18 Dec 18
DANNY HURLEY 007 ;) 'hydrino' energy...

Why Is 137 the Most Magical Number? From physics, mathematics and science, to mysticism, occultism, the Kabbalah and the Torah, the number 137 may just be the most magical and important number in the universe. Flickr (CC BY-2.0) What’s the key to unlocking the mysteries of the universe? If you’re expecting an incantation in some […]

18 Dec 18
Tampa Bay News Wire

LAKELAND, FL – “Edgar Degas: The Private Impressionist” opens Dec. 22 at the Polk Museum of Art at Florida Southern College. The exhibition seeks to shed light on the complex artist himself, his favorite themes, and the artists he called his friends. The works in the exhibition show an unexpected side of Degas — namely […]

18 Dec 18
Morty's TV

STATEMENT FROM CBS BOARD OF DIRECTORS: The Board of Directors of CBS has completed its investigation of former Chairman and CEO Leslie Moonves, CBS News, and cultural issues at CBS. With regard to Mr. Moonves, we have determined that there are grounds to terminate for cause, including his willful and material misfeasance, violation of Company […]

18 Dec 18
Tommy Dogwood's Old Man Journal

12/2/18 While reading the latest edition of “Smithsonian” magazine this week I am reading an article “American Rhapsody” about the loss and protection of what is left of the Great Plains and there is a quote from an activist, named Elexa Dawson who is quoted as saying “OK, I’m not supposed to save the world […]

18 Dec 18
Tommy Dogwood's Old Man Journal

11/25/18 I am sure many people start with, “I have no idea what I am doing here but thought I might just start writing and see where it goes.” Well guess what? I have no idea what I am doing here but thought I might just start writing and see where it goes. So today […]

18 Dec 18
BM International Training Programme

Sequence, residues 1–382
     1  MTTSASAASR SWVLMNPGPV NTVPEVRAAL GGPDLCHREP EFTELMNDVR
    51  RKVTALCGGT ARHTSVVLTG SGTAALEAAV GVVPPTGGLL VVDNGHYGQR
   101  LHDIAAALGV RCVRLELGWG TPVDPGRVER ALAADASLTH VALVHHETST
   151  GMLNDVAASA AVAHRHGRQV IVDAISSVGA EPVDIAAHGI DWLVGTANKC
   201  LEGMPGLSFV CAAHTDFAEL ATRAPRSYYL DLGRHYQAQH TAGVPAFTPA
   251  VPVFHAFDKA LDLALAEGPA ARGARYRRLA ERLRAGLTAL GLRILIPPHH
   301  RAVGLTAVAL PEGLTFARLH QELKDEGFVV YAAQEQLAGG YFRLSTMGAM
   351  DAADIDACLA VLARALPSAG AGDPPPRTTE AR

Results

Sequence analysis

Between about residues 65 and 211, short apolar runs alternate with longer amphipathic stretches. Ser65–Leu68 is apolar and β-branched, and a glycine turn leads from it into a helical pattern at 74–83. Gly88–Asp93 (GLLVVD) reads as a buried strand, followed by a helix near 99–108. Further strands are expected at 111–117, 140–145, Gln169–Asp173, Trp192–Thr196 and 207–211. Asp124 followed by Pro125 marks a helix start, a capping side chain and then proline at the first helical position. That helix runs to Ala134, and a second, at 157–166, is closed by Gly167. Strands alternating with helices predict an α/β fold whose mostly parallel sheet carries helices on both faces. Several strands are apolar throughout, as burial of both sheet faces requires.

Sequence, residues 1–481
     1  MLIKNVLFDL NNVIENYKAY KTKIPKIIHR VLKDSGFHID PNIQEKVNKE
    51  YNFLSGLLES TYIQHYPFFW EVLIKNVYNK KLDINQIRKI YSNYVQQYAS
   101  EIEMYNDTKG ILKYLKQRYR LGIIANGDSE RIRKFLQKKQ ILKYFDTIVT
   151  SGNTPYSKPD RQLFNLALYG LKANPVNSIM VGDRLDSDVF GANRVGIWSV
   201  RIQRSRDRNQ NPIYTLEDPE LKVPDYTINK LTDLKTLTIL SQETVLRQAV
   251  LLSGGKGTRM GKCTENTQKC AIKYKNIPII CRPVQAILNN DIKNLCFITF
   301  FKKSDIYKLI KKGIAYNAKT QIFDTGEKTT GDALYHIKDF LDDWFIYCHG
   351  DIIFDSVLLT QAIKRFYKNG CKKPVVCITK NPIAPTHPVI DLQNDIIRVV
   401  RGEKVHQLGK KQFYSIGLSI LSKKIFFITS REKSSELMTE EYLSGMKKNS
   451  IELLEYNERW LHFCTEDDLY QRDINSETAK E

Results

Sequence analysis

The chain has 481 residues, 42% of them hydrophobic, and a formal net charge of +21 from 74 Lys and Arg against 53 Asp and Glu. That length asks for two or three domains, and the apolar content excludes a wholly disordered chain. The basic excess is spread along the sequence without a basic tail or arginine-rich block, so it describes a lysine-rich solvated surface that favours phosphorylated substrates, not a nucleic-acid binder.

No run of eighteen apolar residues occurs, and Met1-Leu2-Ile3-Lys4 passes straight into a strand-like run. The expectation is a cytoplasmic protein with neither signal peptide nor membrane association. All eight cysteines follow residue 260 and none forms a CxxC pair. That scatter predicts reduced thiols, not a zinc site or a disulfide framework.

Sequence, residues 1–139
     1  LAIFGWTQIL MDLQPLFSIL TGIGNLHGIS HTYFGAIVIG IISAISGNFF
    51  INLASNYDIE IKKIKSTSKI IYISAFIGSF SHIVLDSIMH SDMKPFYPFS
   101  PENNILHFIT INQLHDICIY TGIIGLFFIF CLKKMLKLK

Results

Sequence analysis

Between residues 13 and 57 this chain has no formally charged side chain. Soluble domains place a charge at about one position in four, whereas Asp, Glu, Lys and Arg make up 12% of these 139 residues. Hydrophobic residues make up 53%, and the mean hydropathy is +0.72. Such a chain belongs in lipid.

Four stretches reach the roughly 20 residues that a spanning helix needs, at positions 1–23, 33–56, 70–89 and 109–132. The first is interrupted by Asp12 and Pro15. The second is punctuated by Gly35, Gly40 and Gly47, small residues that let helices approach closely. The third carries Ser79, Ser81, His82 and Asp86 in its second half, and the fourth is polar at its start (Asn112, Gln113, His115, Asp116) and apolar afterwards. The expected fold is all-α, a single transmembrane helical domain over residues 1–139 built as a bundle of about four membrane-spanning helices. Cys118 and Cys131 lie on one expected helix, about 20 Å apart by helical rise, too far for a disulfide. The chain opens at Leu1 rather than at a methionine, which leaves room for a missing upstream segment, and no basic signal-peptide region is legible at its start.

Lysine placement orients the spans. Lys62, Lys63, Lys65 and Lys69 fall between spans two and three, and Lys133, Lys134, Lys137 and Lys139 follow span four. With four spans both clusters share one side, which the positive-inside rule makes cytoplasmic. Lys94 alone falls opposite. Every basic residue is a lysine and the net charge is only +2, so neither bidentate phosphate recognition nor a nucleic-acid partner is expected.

Written by Elaine Addington, Open Museum Curator, Glasgow Museums Resource Centre I was very honoured to be invited back to Yerevan in November 2018, having previously been there with ITP in 2016 for the Learning, Engagement and Museums workshop. The invite came via ICOM and The Association Of Museum Workers and Friends. In celebration of […]

18 Dec 18
Scienmag: Latest Science and Health News

Credit: Johana Goyes Vallejos LAWRENCE — Stay-at-home dads might find their spirit animal in the smooth guardian frog of Borneo. A new pair of research papers authored by an investigator at the University of Kansas shows the male of the smooth guardian frog species (Limnonectes palavanensis) is a kind of amphibian “Mr. Mom” — an […]

18 Dec 18
Howzit Kohala

The scent of roasted coffee on the back of a light breeze wafted through the open windows of the H.N. Greenwell Store Museum Monday in Kealakekua, where still faces from the past waited patiently to tell their tales. Titled “E Hele Me Ka Puolo: The Gifts We Bring,” the Kona Historical Society’s new exhibit derives […]

18 Dec 18
RadioPublic

2018: What a year for podcasts, everyone. In pulling together our end of the year podcast retrospective, I saw a few things pop up as I looked at the shows we featured in Explore over the course of this year.

18 Dec 18
Oman & Woman

I am culturally aware and conscious of bias. Correct? I also have a basic understanding of the key pillars of the major religions and their most important food restriction. Don’t I? I know the difference between halal and kosher, high level. And still, when it comes to putting it into practice I can fail. It […]

18 Dec 18
Hidden History

In 1909, Frenchman Louis Blériot, in his homemade single-wing design, proved the long-range capabilities of the airplane. Bleriot XI